Definition of alarmist in US English:

alarmist

noun

  • Someone who is considered to be exaggerating a danger and so causing needless worry or panic.

    • ‘But I draw the line at alarmists like Dionne, who thrust their fingers into the air to discover ‘chilling effects’ in the everyday conflicts between the state and press.’
    • ‘To my mind there are, on this issue, two kinds of people: alarmists and fools.’
    • ‘Hopefully, as more and more locales change their policies toward recycling, the politicians will quit listening to the eco-utopian alarmists and start being prudent with taxpayer dollars.’
    • ‘Back in Siemiatycze, however, Radomski believes alarmists in the West who fear an invasion of immigrants have got it wrong.’
    • ‘The Bush Administration itself, whether for reasons of politics or ignorance, has also given intellectual ground to alarmists in the climate change debate.’
    • ‘I don't think we are being alarmists in our fears as they have been borne out in the past.’
    • ‘The few who warned against the dangers of nuclear were dismissed as alarmists or even hysterics.’
    • ‘The current heatwave in Europe is letting alarmists have a field day, allowing them to spout all sorts of rubbish without people noticing.’
    • ‘For decades, alarmists have been crying wolf with proclamations that the world is running out of oil.’
    • ‘It is not just alarmists who are asking this question.’
    • ‘Population alarmists looked at this essentially Catholic continent and shuddered.’
    • ‘An improved climate: ‘Every year, environmental alarmists claim we have taken another step on the road to ruin.’’
    • ‘Listening to the obesity alarmists talk about this, you would think that one out of every 20 kids have Type - 2 diabetes, or at least one out of every 100.’
    • ‘They argue that the problem does not exist, or has been grossly exaggerated, and they call the reformers alarmists, fanatics, scaremongers, prophets of doom and so on.’
    • ‘Assuming, that is, that the danger is as bad as alarmists are saying.’
    • ‘An intelligence expert even told Wilkinson: ‘Those of us who believed the threat was there were called alarmists and pessimists, but we called ourselves realists.’’
    • ‘We have become alarmists practicing junk science and spreading fear of everything in our environment.’
    • ‘And that's accepting the dire predictions about warming of the global warming alarmists, which I do not.’
    • ‘But if misguided privacy alarmists have their way, the benefits of the next generation of bar codes may be denied or delayed.’
    • ‘… It would be wrong to conclude that we should join the alarmists in their prophesies of doom.’
    scaremonger, gloom-monger, doom-monger, voice of doom, doomster, doomsayer, doom merchant, cassandra
    View synonyms

adjective

  • Creating needless worry or panic.

    ‘alarmist rumors’
    • ‘Canada's alarmist post-9/11 legislation will be given another careful look coast to coast, and it's all starting here.’
    • ‘Notwithstanding superficial Western reportage and alarmist propaganda by Arab Sunnis, Arab Shias do not obey the commands of Iranian Shias.’
    • ‘This, conceded the correspondent, ‘laid the ground for every conceivable rumour’, and contributed to alarmist reports in the Western media about the scale of the damage.’
    • ‘Of course, dictatorships issue this sort of alarmist propaganda all the time. U.S. troops on the parallel can't sneeze without Pyongyang accusing them of germ warfare.’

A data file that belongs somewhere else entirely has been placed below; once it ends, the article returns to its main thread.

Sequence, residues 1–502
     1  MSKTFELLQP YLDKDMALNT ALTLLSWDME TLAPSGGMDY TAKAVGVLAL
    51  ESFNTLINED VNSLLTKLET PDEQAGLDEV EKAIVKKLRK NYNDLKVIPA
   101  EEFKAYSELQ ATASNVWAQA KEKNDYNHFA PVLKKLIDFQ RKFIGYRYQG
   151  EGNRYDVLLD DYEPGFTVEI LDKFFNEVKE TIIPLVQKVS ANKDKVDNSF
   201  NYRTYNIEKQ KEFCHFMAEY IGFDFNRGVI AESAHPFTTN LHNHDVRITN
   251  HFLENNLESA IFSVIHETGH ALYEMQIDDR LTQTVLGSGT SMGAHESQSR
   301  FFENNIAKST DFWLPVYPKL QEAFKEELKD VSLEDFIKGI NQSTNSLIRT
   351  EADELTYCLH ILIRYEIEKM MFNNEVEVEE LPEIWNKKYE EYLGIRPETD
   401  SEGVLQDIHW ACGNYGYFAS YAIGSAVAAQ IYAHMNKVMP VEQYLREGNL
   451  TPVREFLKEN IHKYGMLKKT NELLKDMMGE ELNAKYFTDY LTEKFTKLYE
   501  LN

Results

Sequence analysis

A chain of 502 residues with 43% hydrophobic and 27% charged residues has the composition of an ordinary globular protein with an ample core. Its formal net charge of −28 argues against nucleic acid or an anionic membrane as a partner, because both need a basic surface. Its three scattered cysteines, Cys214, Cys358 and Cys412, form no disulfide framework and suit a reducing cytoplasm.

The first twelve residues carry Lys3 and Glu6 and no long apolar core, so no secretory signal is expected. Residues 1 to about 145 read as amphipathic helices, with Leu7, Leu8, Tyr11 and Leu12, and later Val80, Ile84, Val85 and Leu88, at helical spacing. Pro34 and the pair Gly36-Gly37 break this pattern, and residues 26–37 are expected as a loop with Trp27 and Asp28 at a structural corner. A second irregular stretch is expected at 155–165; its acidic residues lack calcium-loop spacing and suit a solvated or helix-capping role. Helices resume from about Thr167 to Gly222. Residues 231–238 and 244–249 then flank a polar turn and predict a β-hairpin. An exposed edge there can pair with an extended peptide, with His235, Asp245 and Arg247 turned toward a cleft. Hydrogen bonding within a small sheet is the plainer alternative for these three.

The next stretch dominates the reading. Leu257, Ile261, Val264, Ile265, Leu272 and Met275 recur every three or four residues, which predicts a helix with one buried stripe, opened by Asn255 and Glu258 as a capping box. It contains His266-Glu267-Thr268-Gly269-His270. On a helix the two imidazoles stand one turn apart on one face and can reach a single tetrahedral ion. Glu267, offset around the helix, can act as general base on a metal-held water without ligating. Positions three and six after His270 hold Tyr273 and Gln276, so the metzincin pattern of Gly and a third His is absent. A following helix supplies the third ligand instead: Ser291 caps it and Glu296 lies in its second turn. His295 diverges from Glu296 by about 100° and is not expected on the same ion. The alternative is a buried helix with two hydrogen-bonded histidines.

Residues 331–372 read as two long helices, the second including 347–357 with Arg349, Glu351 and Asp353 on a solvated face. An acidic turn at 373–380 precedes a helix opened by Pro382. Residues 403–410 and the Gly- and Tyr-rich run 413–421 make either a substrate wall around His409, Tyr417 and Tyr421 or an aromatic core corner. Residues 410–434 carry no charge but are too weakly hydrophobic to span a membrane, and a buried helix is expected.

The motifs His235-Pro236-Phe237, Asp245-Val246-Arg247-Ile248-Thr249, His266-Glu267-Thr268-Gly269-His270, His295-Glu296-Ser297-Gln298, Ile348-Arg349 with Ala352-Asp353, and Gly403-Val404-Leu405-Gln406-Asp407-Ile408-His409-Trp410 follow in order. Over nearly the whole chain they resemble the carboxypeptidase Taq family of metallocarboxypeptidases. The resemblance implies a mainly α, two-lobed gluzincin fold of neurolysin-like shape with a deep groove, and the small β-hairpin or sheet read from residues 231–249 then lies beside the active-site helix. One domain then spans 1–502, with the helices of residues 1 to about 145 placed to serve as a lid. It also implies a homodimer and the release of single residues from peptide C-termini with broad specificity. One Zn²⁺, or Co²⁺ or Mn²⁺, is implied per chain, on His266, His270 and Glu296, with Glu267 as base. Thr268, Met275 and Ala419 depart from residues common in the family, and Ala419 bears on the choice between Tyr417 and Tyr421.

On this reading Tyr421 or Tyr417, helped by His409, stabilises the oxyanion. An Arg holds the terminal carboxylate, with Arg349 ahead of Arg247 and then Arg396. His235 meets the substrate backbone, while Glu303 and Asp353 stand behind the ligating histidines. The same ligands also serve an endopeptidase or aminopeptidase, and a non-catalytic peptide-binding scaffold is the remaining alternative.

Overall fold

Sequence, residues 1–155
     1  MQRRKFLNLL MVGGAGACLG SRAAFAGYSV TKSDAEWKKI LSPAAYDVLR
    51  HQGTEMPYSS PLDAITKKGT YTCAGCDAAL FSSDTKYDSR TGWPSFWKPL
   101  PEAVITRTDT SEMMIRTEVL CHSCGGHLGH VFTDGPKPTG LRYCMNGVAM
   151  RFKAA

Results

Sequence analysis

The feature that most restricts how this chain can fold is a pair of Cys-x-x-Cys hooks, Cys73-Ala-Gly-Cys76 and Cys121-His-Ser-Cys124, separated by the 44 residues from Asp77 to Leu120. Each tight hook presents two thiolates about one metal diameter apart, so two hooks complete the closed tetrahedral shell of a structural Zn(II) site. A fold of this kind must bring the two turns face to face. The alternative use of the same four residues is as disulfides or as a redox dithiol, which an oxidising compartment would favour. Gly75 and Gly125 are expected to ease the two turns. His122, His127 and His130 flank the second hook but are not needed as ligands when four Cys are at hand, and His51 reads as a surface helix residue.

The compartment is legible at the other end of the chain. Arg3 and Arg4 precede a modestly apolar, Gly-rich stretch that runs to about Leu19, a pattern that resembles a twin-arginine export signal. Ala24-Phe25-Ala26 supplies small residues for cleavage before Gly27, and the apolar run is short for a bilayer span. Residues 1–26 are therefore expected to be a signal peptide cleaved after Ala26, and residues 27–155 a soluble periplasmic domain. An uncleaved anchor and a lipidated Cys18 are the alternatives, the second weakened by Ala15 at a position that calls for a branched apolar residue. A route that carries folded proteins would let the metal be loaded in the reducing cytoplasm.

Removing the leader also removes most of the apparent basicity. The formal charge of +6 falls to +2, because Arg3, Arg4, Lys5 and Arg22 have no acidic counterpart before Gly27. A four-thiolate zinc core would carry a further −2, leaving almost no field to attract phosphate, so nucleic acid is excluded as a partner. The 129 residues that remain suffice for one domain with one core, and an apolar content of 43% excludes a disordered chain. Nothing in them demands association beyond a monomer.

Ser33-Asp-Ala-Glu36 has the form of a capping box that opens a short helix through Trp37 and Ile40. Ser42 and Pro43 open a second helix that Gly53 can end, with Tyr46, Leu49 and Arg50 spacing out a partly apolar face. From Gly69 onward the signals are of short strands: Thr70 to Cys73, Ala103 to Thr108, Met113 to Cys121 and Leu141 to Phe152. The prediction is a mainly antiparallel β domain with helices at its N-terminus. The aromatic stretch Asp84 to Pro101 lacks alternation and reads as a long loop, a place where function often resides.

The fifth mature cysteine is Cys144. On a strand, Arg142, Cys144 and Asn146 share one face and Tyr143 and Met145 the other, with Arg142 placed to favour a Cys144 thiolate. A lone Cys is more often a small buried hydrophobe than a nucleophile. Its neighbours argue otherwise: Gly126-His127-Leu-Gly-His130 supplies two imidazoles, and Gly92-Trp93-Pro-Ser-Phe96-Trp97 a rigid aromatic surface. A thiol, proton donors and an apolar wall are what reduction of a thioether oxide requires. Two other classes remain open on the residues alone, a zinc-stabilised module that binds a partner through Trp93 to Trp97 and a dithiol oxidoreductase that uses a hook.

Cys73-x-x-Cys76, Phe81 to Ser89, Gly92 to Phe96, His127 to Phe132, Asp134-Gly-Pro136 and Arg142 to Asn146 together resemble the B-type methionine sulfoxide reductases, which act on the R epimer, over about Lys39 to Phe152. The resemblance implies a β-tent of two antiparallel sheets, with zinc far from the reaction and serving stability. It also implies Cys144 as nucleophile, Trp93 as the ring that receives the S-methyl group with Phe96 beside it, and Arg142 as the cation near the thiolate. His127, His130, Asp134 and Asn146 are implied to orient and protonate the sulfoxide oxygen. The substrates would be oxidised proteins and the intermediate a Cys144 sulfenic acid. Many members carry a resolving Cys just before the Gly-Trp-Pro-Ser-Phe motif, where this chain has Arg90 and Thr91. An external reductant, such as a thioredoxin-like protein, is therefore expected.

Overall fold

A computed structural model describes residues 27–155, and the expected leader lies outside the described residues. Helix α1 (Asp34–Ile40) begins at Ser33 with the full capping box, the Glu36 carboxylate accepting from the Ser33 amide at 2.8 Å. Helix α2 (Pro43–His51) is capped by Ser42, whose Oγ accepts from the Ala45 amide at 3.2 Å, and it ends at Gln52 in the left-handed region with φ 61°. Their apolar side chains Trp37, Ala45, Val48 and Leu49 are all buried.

• ‘Unfortunately, this isn't some alarmist theory.’
    • ‘If he warns of a terror attack, he is playing alarmist politics.’
    • ‘Some people have worried that parts of the series were overly alarmist.’
    • ‘But then, perhaps I'm slightly alarmist or paranoid?’
    • ‘Global salvationism thus combines alarmist visions and diagnoses with confidently radical collectivist prescriptions for the world.’
    • ‘For the less gullible among us, the administration's alarmist rhetoric in 2002 was a grim farce, and the unfolding of the nightmare we see today was a foregone conclusion.’
    • ‘MR MULHOLLAND, I found your particular brand of negative alarmist journalism quite entertaining when I first started reading your column.’
    • ‘At the same time, he sought to dismiss scare stories and alarmist reports in sections of the press, and stressed that Britain would continue to offer a warm welcome to genuine migrant workers and refugees.’
    • ‘It triggered off right away some alarmist reactions at some of the mailing lists I have subscribed to, since it suggests a ‘crackdown’.’
    • ‘If Spiegel is being alarmist this reaction is far preferable to pretending nothing is happening or imagining away the underlying problems that lend Nazi imagery its power.’
    • ‘I have long been skeptical of alarmist demographic projections for the Palestinians, so the above-mentioned report doesn't surprise me.’
    • ‘Brian Caton, general secretary of the Prison Officers Association, said the claims were not alarmist and warned that the situation in prisons across the country was getting worse.’
    • ‘What is the rational response to Shelby's alarmist words?’
    • ‘In common with most alarmist theories, the concerns have been blown up out of all proportion to what is actually happening on the ground - but that does not mean that all is quiet on the south-east Asian front.’
    • ‘But Rice kept on saying these alarmist things nevertheless.’
    • ‘Even less alarmist academics thought that it had to worsen things, but as soon as it passed (even before it took effect), more poor people began looking for and getting jobs.’
    gloomy, dismal, pessimistic, negative, defeatist, downbeat, gloom-ridden, cynical, bleak, grim, fatalistic, black, sombre, drab, dreary
    View synonyms

Pronunciation

alarmist

/əˈlɑrməst//əˈlärməst/